The Supreme Court of the United States was celebrated stateside earlier this year after voting in favour of legalizing same-sex marriage, granting couples in every state the right to marry whomever they please, regardless of sexual orientation. A major milestone in the movement towards LGBT rights and equality.
In Freeheld, equality was also the subject of Laurel Hester’s plea to an all male jury of conservative Freeholders (a governing body of elected officials) in Ocean County, New Jersey in 2005. Laurel (Julianne Moore) is a celebrated and decorated detective, having served 23 years working for the Ocean County prosecutor’s office. Well liked and respected by her all-male counterparts, she earned her place in a male dominated industry, taking down some of the regions most dangerous drug lords. Only one thing could threaten her reputation and the career she’s worked so hard to build. Laurel is gay, a truth she hasn’t shared with any of her colleagues, least of which her faithful partner Officer Dane Wells (Michael Shannon).
Laurel joins a woman’s volleyball league in a nearby town where she meets Stacie Andree (Ellen Page), who is immediately taken with her. Despite their considerable age gap, Laurel agrees to go out with her and they quickly fall in love. A year later they’re living the life they had both dreamed of – a loving relationship, a house, a dog – until one day Laurel complains of a pulled muscle in her side. The pain turns out to be a symptom of advanced stage lung cancer and Laurel is given very little hope of survival.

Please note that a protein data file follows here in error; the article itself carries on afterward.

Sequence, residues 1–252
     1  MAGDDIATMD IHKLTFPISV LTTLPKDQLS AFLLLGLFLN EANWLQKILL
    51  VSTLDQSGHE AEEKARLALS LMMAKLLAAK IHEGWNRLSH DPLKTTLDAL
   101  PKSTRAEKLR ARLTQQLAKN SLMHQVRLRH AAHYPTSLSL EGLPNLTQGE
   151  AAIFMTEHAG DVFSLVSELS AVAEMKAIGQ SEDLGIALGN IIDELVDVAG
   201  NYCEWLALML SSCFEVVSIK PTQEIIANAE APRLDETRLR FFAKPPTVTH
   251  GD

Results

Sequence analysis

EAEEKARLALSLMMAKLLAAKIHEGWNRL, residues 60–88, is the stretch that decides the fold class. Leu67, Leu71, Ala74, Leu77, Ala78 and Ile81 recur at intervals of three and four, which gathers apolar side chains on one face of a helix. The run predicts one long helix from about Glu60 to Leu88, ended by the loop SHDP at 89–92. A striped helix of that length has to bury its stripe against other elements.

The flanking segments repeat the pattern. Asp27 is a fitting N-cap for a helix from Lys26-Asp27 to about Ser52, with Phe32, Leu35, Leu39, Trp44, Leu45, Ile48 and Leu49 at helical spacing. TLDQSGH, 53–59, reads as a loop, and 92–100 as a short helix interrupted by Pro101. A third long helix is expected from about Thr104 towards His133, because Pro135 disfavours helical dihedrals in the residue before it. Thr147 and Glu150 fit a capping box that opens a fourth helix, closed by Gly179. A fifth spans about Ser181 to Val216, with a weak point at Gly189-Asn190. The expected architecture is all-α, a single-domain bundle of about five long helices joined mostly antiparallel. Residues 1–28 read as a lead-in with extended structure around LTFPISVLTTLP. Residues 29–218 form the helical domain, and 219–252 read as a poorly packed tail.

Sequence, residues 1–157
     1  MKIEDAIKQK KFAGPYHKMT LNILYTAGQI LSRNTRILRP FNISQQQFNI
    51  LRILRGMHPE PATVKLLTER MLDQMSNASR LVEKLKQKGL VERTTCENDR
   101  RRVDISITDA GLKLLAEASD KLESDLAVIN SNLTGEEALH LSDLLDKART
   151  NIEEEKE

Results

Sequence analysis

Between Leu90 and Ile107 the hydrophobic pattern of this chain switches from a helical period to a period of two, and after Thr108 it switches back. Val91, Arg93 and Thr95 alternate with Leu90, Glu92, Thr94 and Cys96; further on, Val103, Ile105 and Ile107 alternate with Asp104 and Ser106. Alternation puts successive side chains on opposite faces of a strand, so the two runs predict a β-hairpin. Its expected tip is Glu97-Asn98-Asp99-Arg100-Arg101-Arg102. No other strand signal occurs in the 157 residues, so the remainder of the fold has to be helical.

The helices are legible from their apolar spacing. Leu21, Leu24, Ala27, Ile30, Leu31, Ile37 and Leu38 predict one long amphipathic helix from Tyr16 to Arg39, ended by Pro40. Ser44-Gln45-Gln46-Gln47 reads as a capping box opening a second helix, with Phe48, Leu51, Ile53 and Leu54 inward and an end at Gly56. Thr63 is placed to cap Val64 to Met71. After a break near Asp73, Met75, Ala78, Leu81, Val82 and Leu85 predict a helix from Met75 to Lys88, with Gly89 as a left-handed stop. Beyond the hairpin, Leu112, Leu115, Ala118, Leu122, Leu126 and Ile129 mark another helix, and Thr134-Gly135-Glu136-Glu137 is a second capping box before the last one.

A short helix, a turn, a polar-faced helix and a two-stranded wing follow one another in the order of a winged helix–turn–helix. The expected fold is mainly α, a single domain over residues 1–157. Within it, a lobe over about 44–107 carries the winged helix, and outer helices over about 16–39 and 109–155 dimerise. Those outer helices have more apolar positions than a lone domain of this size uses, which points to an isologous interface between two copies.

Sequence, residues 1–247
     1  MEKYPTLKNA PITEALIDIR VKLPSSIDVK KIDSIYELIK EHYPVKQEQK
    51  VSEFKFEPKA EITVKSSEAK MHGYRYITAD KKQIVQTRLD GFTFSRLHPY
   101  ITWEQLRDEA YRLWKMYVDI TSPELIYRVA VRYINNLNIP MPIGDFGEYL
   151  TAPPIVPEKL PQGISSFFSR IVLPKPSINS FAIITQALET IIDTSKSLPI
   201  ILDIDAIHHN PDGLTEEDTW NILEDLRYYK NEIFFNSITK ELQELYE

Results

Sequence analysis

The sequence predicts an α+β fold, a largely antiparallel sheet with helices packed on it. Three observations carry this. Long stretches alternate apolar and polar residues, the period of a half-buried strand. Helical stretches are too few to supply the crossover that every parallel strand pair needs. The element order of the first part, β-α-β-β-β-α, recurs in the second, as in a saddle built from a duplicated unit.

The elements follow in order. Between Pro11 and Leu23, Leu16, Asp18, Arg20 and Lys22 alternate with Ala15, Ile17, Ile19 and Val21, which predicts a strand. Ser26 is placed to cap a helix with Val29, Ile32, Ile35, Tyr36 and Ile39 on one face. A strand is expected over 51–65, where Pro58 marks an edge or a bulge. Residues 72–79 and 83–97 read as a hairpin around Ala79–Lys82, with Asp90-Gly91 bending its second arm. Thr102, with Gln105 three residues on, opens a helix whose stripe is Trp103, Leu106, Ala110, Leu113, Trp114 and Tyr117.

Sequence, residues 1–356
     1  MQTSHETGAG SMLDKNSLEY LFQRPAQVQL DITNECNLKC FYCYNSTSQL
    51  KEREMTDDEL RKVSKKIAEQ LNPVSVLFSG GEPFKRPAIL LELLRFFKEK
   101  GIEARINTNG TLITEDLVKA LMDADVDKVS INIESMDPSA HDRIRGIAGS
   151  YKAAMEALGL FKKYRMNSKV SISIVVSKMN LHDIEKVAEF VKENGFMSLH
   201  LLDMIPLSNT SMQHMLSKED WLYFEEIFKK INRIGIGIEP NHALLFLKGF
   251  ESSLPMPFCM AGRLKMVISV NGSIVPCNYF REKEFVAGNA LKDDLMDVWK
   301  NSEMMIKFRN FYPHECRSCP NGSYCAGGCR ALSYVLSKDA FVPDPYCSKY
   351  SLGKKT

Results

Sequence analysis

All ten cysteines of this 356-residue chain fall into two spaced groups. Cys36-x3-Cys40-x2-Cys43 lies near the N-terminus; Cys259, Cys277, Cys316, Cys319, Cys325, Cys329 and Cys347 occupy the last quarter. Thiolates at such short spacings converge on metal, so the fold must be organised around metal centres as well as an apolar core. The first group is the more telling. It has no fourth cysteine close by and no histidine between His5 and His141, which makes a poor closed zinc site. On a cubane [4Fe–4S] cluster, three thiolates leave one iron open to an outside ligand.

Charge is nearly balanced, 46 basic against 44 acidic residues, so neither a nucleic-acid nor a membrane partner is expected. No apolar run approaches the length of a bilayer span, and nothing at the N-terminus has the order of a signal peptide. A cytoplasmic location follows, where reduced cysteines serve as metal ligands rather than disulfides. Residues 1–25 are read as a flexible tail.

Once she realizes that she may not beat her devastating diagnosis, she writes to the county Freeholders to request that her pension benefits be awarded to Stacie, in the event of her death. When her request is denied, Laurel embarks on a battle to overturn their decision, to ensure Stacie can afford to remain in the home they built together. When Steven Goldstein (Steve Carrell), a colourful and vocal gay rights activist, convinces Laurel that she’s fighting for something much bigger, the story captures the attention of international media, pressuring the Freeholders to act.
Based on Hester’s real life story, Freeheld gives us a timely glimpse into the struggles same-sex couples have faced in the United States until very recently. Michael Shannon is hard not to love in this film, playing a hard but loveable guy anybody would want in their corner. Josh Charles makes his second appearance at TIFF this year as Bryan Kelder, the only Freeholder who supports Laurel’s plea from the beginning, despite being bullied into voting otherwise. Moore and Page tackle their roles with tenderness, sensitivity and a chemistry that made this film an emotional ride from start to finish.
“I think one of the things that breeds intolerance is not having interaction, not having a friendship, or an acquaintance with someone who is unlike yourself. And I’m hoping that interacting with these characters, as portrayed by Julianne and Ellen, tells an unsympathetic audience that characters like these are not so much unlike yourself,” explained director Peter Sollett on the red carpet before the premiere.
I was crying so hard when I left the screening, a kind TIFF volunteer asked if I needed a hug. Don’t let that dissuade you. Freeheld is a touching story that honours one woman’s fight for equality, which will continue to inspire for generations to come.
Freeheld opens in theatres across North America this fall.
Originally published in The Province.